Tomorrow, the National Assembly Coalition Government is going to inform us of the content of the Welsh Language Legislative Competence Order. The media have already had copies. I expect most of my visitors will read no further. Constitutional issues are a minority interest. But Lord Elis Thomas, the Assembly's Presiding Officer is very excited about it. His excitement revolves around whatever new measure (new law) the Assembly Government might introduce later this year. But first, the Legislative Competence Order has to complete its passage through the bizarre process prescribed by the 2006 Government of Wales Act. This is the constitutional process by which power is passed to the Assembly to enable the creation of the new measure that is causing Dafydd El so much excitement. Lets consider this.
To go back the beginning. When the 2006 Act was passed, AMs and MPs looked upon this new creature from different perspectives. I believe we were sold different stories. At the time, my perspective was that of an Assembly Member. I believed that the Act envisaged proposals for the transfer of power to the National Assembly (LCOs) being considered by both Houses of Parliament only to ensure that the proposal fell wholly within a devolved field. If it did, there would be no discussion about what it might be used for. I accepted there was scope for disagreement arising from differing interpretations. For example, is a ban on smacking an education issue, or a law and order issue? This is how the House of Lords saw things as well. But not the MPs. They want to know what the Assembly Government might do with the new power, and to make a judgement about whether or not they approve.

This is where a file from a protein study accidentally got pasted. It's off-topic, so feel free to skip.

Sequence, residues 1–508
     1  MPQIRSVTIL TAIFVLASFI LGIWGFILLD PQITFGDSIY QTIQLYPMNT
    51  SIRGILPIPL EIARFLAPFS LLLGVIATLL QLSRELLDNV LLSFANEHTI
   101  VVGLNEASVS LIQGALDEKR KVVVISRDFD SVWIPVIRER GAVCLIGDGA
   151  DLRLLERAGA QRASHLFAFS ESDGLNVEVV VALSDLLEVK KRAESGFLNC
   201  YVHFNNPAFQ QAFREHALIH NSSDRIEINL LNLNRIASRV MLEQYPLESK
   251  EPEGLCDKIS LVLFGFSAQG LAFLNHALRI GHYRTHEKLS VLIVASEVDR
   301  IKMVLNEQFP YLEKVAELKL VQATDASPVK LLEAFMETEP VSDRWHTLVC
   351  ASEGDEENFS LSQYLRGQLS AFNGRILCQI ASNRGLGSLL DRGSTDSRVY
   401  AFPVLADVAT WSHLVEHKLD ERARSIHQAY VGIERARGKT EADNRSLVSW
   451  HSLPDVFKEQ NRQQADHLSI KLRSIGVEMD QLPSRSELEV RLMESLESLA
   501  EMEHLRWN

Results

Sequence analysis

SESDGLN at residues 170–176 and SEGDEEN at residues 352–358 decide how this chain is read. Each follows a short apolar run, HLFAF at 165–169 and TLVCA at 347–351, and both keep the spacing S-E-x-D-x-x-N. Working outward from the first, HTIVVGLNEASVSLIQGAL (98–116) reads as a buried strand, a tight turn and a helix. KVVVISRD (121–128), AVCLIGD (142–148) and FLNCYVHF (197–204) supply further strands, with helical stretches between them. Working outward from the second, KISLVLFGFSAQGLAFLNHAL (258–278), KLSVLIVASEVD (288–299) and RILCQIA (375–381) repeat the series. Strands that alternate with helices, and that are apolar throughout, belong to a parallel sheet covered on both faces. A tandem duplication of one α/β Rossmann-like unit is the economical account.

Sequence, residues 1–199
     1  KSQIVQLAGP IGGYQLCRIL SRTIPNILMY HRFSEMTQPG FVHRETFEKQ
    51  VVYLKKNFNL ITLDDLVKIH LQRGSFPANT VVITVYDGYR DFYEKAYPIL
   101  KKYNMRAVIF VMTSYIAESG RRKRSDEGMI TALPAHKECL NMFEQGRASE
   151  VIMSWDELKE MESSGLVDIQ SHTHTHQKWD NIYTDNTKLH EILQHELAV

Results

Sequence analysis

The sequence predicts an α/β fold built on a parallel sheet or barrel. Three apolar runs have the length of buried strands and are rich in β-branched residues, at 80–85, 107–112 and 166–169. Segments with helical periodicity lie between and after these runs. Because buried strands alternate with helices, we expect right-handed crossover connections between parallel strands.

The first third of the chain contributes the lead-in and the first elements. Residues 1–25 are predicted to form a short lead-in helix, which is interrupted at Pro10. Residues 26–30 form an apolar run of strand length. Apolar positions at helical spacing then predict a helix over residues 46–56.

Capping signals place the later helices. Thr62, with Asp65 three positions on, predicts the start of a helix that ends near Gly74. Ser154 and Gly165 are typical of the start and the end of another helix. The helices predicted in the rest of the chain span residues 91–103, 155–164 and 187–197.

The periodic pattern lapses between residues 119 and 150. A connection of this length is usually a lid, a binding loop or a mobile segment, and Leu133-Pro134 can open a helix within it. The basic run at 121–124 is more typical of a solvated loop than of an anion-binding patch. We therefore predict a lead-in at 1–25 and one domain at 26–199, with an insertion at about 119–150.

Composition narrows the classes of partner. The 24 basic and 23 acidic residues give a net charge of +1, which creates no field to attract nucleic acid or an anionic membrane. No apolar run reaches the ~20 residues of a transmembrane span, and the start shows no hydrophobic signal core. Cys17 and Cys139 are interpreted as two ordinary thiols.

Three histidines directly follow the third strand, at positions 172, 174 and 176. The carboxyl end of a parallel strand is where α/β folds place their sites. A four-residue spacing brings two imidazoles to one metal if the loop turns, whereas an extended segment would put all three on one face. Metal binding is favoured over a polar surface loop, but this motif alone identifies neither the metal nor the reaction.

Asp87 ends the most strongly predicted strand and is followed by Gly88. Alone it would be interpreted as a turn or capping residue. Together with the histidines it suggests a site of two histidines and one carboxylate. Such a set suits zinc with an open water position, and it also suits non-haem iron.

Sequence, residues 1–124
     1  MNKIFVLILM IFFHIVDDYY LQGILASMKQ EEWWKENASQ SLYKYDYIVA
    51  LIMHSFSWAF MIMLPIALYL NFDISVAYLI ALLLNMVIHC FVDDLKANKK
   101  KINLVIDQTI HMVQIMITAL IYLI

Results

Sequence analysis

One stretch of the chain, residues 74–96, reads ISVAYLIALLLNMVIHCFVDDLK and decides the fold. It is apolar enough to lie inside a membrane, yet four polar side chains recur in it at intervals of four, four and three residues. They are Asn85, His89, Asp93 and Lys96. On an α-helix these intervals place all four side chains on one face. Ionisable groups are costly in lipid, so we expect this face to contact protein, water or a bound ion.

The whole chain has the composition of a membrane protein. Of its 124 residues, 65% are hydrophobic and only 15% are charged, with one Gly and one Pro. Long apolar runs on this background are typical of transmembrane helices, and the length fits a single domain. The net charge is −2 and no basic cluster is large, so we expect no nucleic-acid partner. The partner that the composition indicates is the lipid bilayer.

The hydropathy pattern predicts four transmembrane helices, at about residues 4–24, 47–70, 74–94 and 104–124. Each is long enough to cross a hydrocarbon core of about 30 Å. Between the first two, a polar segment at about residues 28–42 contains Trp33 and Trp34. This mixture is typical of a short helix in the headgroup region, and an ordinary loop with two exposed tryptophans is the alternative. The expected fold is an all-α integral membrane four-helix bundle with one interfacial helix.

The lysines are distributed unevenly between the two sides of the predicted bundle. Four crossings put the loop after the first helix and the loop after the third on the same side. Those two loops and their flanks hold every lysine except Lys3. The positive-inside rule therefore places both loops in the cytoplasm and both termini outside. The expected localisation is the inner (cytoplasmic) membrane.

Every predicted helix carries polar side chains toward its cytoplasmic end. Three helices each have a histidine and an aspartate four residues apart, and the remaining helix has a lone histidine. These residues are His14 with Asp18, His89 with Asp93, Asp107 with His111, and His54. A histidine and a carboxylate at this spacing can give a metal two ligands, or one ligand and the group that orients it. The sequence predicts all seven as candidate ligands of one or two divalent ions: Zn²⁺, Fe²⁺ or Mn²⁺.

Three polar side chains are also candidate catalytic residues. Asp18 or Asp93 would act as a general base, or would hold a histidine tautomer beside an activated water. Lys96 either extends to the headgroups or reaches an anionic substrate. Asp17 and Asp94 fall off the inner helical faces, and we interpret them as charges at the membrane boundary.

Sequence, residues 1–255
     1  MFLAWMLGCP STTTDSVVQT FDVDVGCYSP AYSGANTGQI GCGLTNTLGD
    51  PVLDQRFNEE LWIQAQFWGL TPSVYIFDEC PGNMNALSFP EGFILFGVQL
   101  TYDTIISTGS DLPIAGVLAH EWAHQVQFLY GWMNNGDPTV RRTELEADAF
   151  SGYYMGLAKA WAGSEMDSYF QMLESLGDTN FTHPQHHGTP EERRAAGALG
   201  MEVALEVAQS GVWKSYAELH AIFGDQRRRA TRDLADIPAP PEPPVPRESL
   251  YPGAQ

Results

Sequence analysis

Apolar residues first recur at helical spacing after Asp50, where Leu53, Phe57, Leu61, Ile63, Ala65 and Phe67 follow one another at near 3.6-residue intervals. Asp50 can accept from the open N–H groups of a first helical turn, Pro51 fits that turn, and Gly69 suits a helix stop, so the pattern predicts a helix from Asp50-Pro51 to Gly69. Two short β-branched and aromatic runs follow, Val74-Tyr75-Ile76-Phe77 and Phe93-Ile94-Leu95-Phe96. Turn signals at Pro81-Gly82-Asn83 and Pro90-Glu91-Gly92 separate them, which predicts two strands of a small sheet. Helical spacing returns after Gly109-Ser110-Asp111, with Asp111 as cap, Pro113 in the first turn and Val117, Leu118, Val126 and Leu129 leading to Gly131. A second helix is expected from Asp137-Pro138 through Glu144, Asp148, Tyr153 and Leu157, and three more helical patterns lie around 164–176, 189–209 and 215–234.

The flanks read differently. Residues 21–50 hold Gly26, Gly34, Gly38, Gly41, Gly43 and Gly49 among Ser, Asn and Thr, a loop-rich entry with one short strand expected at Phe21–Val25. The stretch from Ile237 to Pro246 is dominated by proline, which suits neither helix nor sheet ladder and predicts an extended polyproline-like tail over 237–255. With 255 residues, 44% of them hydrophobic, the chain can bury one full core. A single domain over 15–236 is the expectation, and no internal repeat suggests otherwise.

I've seen much criticism of MPs for their approach. Matt Withers has really gone to town in today's Wales on Sunday, and called for the abolition of the Welsh Affairs Committee. I do not agree with Matt about this. I cannot know it, but I strongly suspect that MPs were reassured that they would have the right to debate the content of LCOs during the passage of the Bill - even if its not written into the Act. From the MPs perspective, they are only doing their job - the job they were told that they would be required to do. I've always described the position as a recipe for conflict - a constitutional crisis waiting to happen. My concern about this issue is a major part of the reason that I want to become an MP myself. And we've had one 'disagreement' already, relating to a housing LCO. I did not agree with the way it was resolved - which involved a reserved power being retained by the Secretary of State, granting an involvement in the measure creating process which no-one had envisaged. I thought that the LCO should have been rewritten, rather than the principle of a reserved power concede - but its too late now. The precedent has been set.
I'm looking forwards to reading the LCO, and learning what powers the National Assembly is asking for. And I'm looking forwards to the discussions on it in the Welsh Affairs Committee as well. Lets hope it can be sorted without any recourse to more reserved powers. Even more, I hope that the people of Wales don't become contemptuous of politicians arguing over incomprehensible policy details about imposing additional costs and responsibilities, while Welsh jobs and businesses are going down the pan.